Newspaper Archive of
The Glenville Democrat
Glenville, West Virginia
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March 25, 1976     The Glenville Democrat
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March 25, 1976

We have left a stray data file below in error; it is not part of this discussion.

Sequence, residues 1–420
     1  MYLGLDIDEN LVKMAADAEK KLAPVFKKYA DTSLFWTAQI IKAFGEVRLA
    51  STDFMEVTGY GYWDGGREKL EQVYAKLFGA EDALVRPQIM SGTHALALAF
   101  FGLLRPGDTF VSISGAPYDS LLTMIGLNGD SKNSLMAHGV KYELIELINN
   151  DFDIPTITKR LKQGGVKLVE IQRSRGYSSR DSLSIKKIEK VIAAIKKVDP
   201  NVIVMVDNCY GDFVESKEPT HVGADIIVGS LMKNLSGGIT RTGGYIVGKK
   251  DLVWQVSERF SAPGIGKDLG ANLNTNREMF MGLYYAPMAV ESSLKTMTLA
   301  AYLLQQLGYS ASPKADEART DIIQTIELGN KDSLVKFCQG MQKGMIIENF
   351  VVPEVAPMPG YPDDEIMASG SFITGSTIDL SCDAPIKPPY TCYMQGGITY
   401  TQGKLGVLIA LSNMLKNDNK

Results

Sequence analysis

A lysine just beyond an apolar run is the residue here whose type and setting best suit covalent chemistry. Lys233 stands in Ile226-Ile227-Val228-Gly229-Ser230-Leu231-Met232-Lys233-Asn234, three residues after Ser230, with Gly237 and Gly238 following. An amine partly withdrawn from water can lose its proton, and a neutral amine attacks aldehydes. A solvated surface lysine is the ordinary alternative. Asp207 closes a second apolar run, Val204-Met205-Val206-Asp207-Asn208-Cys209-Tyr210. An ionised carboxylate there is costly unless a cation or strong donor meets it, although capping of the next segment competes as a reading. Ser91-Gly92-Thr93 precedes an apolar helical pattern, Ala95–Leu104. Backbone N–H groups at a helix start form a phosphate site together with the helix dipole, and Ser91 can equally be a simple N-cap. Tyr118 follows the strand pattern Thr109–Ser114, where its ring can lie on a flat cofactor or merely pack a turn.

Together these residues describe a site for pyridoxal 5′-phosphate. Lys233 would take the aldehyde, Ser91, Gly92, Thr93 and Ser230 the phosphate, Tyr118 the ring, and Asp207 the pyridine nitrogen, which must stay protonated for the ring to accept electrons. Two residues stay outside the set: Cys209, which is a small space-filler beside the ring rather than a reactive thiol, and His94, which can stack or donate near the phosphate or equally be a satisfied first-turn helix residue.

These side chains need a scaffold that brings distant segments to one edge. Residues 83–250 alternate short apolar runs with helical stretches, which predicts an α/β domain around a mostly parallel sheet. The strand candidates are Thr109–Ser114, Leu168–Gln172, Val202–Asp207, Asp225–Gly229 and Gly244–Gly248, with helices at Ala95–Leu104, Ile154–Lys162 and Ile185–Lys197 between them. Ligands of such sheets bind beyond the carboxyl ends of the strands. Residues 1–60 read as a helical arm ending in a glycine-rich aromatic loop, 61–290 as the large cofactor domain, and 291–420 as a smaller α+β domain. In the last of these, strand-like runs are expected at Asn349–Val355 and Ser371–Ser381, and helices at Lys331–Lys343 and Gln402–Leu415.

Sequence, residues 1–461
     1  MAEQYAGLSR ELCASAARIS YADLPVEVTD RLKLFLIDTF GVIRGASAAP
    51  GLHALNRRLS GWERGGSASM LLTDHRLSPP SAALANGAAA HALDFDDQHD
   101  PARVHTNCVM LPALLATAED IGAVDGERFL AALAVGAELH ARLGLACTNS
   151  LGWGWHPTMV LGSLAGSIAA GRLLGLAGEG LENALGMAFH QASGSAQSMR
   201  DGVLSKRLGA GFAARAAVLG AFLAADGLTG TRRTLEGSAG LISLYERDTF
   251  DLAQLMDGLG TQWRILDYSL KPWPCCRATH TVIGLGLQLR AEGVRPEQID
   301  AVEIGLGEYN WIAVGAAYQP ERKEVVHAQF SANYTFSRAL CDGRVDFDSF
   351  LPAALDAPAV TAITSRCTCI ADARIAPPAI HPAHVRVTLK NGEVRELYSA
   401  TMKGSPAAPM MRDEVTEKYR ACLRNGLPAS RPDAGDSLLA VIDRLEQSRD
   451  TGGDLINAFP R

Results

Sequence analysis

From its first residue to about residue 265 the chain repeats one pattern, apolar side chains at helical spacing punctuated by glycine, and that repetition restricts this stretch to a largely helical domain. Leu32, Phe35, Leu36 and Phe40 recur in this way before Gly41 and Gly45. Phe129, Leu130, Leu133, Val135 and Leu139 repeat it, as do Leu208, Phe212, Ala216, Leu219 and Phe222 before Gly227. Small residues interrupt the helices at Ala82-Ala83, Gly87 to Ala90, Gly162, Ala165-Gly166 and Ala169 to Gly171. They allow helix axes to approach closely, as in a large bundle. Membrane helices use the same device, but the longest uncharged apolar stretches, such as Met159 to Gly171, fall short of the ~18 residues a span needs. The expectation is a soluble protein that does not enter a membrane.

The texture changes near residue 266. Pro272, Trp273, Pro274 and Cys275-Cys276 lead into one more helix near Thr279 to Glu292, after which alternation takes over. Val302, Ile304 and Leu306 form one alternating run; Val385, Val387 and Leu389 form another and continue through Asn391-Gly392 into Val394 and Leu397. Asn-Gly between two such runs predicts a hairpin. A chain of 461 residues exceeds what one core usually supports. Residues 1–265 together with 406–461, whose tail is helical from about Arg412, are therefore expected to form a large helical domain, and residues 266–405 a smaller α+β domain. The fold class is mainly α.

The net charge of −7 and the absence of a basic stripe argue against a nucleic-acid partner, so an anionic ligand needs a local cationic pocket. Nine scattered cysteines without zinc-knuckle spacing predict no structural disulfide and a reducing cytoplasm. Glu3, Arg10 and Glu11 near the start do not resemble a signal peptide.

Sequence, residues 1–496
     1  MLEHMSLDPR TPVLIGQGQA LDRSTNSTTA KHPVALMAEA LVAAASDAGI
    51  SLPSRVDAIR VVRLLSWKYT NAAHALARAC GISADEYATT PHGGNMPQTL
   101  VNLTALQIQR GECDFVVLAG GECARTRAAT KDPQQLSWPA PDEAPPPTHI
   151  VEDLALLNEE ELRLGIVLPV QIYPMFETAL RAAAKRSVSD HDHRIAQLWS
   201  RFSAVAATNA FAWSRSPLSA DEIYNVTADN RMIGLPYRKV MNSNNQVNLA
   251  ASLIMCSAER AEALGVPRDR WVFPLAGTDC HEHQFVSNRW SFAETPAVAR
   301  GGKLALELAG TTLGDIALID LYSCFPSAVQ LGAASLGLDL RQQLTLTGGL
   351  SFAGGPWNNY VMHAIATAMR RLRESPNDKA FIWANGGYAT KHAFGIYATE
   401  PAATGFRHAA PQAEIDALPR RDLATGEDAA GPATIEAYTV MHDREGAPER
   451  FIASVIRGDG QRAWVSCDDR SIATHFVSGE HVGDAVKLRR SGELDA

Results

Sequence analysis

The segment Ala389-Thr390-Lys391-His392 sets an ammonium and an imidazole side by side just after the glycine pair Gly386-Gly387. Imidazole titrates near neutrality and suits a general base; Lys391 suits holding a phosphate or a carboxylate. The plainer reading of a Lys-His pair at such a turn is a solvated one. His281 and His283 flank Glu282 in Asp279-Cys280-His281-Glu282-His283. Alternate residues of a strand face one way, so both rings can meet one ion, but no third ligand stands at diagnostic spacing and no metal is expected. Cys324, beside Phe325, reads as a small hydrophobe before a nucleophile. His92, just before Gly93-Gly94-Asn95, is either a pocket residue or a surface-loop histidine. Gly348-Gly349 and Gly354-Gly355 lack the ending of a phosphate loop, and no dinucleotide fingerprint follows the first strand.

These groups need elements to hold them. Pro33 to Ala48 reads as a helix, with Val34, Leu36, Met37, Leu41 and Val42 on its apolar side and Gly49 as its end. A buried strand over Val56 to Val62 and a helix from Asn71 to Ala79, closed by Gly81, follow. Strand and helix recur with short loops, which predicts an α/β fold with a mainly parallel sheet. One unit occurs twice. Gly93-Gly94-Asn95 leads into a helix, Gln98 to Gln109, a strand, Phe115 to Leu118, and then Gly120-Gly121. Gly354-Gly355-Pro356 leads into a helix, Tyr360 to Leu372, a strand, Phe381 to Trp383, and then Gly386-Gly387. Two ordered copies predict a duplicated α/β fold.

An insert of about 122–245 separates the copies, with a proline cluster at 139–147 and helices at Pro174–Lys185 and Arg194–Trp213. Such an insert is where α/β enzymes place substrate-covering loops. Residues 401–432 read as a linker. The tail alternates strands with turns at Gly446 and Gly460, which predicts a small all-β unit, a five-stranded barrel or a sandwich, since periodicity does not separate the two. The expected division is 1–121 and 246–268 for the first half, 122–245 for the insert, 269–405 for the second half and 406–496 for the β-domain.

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Pioneer baseball club begins southern tour the unlighted cabin of a small boat chugging along on Lake. I turned to Joe Beziak and asked: "How do you like Joe's "'boss man," as he calls him. was a short, bearded Was standing in the bow peering into the darkness ahead of us. familiar landmark along the shore. best," Bezjak beamed. "You couldn't work for a nicer, more L Fie gets out there and works right beside you," he said. I had because I knew they had been out on the water ever since more sensible fishermen went in for dinner, we were h, yet!) 0 o'clock at night. But we weren't fishing with aM we weren't out there for sport. : is a District Fish Biologist in the State Division of Wildlife up a walleye project in West Virginia that began in He's also a dynamo. We came off the lake that night the restaurant, with our late dinner finally on the still working, writing feverishly to make sure all data from Were recorded. the winter pool boat ramp at Summersville, it looked as just roared up the reservoir and scattered someone's all over the rock-laden beach. A crumpled tarp, poles, Cage-like affairs, foul weather gear, strange-looking lights, ;ugs, netting, long-handled nets, inner tubes and other in seeming disarray everywhere. and Denzil Courteney soon came, pulled their boat and took me on board, lee Beziak and George Hartley, other DNR crew. were in another boat somewhere. ALL took a break from work to try and tangle with a walleye or three pike and a stringer of crappies, as described here last Work resumed. Jerry Duffield backed a pickup down the boat "s edge, while Joe and George ran their boat over to four : in the shallow water of a nearby cove. The made of netting and 1 x 2 lumber with an inner tube to keep them afloat, held a dozen or more walleyes taken that the lake the night before. The disarray of equipment all very well organized. boat towed one live cage over to the ramp where Donzil net. One by one, he dipped out the walleye and b Frank. "One male." the biologist announced. "One female." t these on a pad. The first walleye was a lunker - about 5 placed it into an aerated holding tank on the truck. If Wondered whether there are any big walleye in that Nicholas e, there are. I saw a sampling. Of all the walleyes the live cages to the tank on the truck, not one would have POunds. wouldn't like it if they saw you taking their fish," I taking out these lunkers hurt the fishing here?" That everyone. "No way," Frank assured me. "Taking these even dent the fish population here." by the time all the fish in the live cages had been transferred making sure the aerator was properly connected to the left with his finny cargo, headed for an impoundment There he'd transfer the "catch" to the holding pond. "When SPawn," Frank explained, "we'll take the eggs and deliver Palestine." The resulting fingerlings will be stocked in Lrt Lake. Tygart River, Stonecoal Lake, the Monongahela. and When it's filled. The adult walleyes that provided the eggs Unfortunately, as I learned last weekend,-the project Setback. Using nets, someone stole 55 walleyes from the Walleye project is to enable West Virginia to become self COmes to obtaining walleye eggs. UntiL reconuy, the state eggs at a cost of $6 to $8 a thousand. Frank. I have to this self-sufficiency concept that he has even kept his home so he can obtain still more eggs for future we loaded 10 cans of carefully folded nets onto onto the lake once again. Expertly, George steered o lights played on the huge rocks and boulders that see. The lake was down about 75 feet. Frank the crew went to work. Frank dropped the weighted trammel net into the water at the shoreline. Then, as boat, the men fed out the nylon netting. It took about in place. Then we left for another location and repeated with a gill net. The fish swim into the nonFdament by the gills. The same crew then p,"" ", ,,ets early frees all fish caught, keeping only ,,o walleyes. "You the big catfish w e get." Joe - an avid catfisherman - told are put into an aerated tank containing a salt the fish might have. Back on land, the fish are at a time, by placing them in tubs of water containing are asleep, the fish are weighed, measured, and tagged. sample for aging and growth determination," Frank are revived in fresh water and placed in the live to be transported. "Work" and although there was a slight chilling breeze Lake, it was comfortable, interesting, and lelp but vonier what it was like out there two weeks the snow, the wind and the cold, Frank, Denzil, Wer e still there, setting and lifting those big nets and provide you and me with more and better sport in travels around West Virginia I have met many "Franks" - game biologists, hatchery personnel, conservation we're fortunate that they are there. It's their job their dedication to their work, I believe, is to be =Ppreciated by all sportsmen everywhere. First row - L to R - Terry Baker, Tom Phillips, Randy Buckhannon, Keith Hager, Dale Stover, Charlie Hook, Buddy larrell. Standing - L to R - C. Bob Belcastro, M. Duayne lapps, Roy Alltop, Dave Gibson, Rick Vass, Timmy Shepherd, Bill Cocheran. Jim Ross, Tom Mathias, Scott Anderson, Dale Norman, Ralph Smith, Ed King. The Glenville State College baseball team left early Saturday morning for Newberry, S.C. to begin the first Southern Tour ever taken by a Pioneer nine. Headed by Coach Bob Belcastro. 16 players are making the trip in three college-provided cars. Cost of the tour is being paid for by money earned by the team at odd iobs and by contributions from the business community in Glenville. "The help and support given by the merchants," Belcastro said, "is greatly appreciated." Three team managers, one trainer, and assistant coach Jim Riffle also are making the trip. The Pioneers were scheduled to open their lO-game tour on Sunday against Newberry College in New- berry, S. C.. then follow up with a White scores bob.in.one at Glenville coarse It started out just like any other golf game, but when a group of Weston golfers, standing on the tee of the fifth hle. began shouting and waving their armswildly, veteran golfer Dick White knew tlat his drive was different from usual. It was one of golfdom's rarities - a hole-in-one! The well-known Glenville golfer used a No. 7 iron. Because it is a "blind" hole, he couldn't see the ball hit the green, but the Weston men left no doubt as to where it had gone. White was playing with John Lilly, Bob Wagner and Greg Adolphson who confirmed the u Jsual shot. It was the first hole-in-one of White's long golfing career. The par three fourth hole of the Glenville course is officially listed as 137 yards long. but plays more like 150. White said. The excitement of his accomplish- ment didn't really "catch" up with the left-handed golfer until later in the game. "I was three feet short of an eagle on the very next hole," White recalled the next day. "and got a birdie." He ended his game. however. with a score of 39, three over par for the 9-hole course. The hole-in-one was White's first in nearly 40 years of golfing. "I played my first golf with 'Wib' Beall and Nate Rohrbaugh," White, who now helps care for, the course, recalled. "Nate talked me into golfing right-handed back then, but I switched back to my left-handed game several years later." Actually, White is ambidextrous and can play either way, But the chances are, with a hole-in-one now under his belt, he'll stick to his left-handed ways for good. Moving? Pleas send u both old and new addrusm so that we may make your subscription change without delay. PINE MANOR GROCERY GLENVILLE fly rods, 6 or 7 ft. a $50.00 value, just 37.95 8 reel and Garcia Pro line ultra lite rod, a $64.95 49.99 reels a 3.98 value, just 2.49 of rods from 3.98 up P waders just 14.95, chest waders just 18.95 ,rs just 32.95 25 lb. box only 8.95 WE CAN TAKE CARE OF ALL YOUR FISHING TACKLE NEEDS. doubleheader against Baptist College in Charleston. S.C..' on Monday. Tuesday, still in Charleston. they were to face the Citadel in a single game. The tour is to be concluded in just six days. "We may convert one doubleheader to a single game. if we can work it out." Belcastro said before the team's departure. They were scheduled for doubleheaders with Gardner-Webb College in Boiling Springs, N.C. on March 24 and 25, then will wind up the tour in Misenheimer, N.C., in two games against Pfeiffer College on March 26. The Pioneers will stop off at Charleston. W. Va,. on the return lrip to open their regular season s(:hc, du!o, against Morris Harvey Ibis Sahrda. They'll face Davis and Elkins for a two-game stint in Clenvillo n;.t Wednesday at 1 o'clock. Send in your subscription renevts promptly. Purina Farmers O Chows Friend We carry a complete line of Purina Chows Et Health Care Products, also a complete line of Protein Blocks, Salts Et Supplements. Custom Mixed Feeds DAWSON TACK Et SUPPLY Glenville, WV I I I II II I I II I I II t t I STOCK CATTLE SALE MARCH 27, 1976 I:00 PM SATURDAY WITH REG. SALE United Livestock Sales Co. MINERAL WELLS, WV JOE CORBITT, MNGR. PH. 422-1737 II III I III II ALL SIZES OF LOANS FOR ALL SIZES OF CARS LOANS ] i,, ,h.vilh; I)emocratllathflnder 5 FOR SALE 1975 H ornet 2 Door, 6 cyl., automatic trans,, 14,802 miles 1973 Plymouth Duster 2 Door, 6 cyl. Gold, automatic trans., mileage 33,293 1973 Mercury Comet 4 Door, V-8, P-Steering, automatic trans. 1971 Pontiac Tempest 6 CvI, automatic trans. 1970 Chevrolet Camaro V-8, P.S., air cond., red, 64,300 miles 1971 Ford Mustang 2 Door, green, 6 yl,, power steering, automatic trans. 1969 Chrysler 2 Door, P.Steering, auto. trans. 1972 Hornet 6 C1., auto. trans., power steering. 1970 Ford Maverick 6 CyI., auto. trans., 2 door 1968 Chevrolet 2 Door, 6 cyl., auto. trans. 1975 Ford F-100 4-Wheel drive, red, 18,000 miles 1972 Ford F-100 St. trans., V-8, 45,000 miles 1972 Dodge D-100 6 Cyl., standard trans, short wheel base 1971 Chev. St. Trans., V-8 1967 Chevrolet Flat Bed 6 cyl., St. Trans. 1967 International Ton 6 CyI., St. Trans. GLENVILLE FORD SALES 462-7336 462-7337 i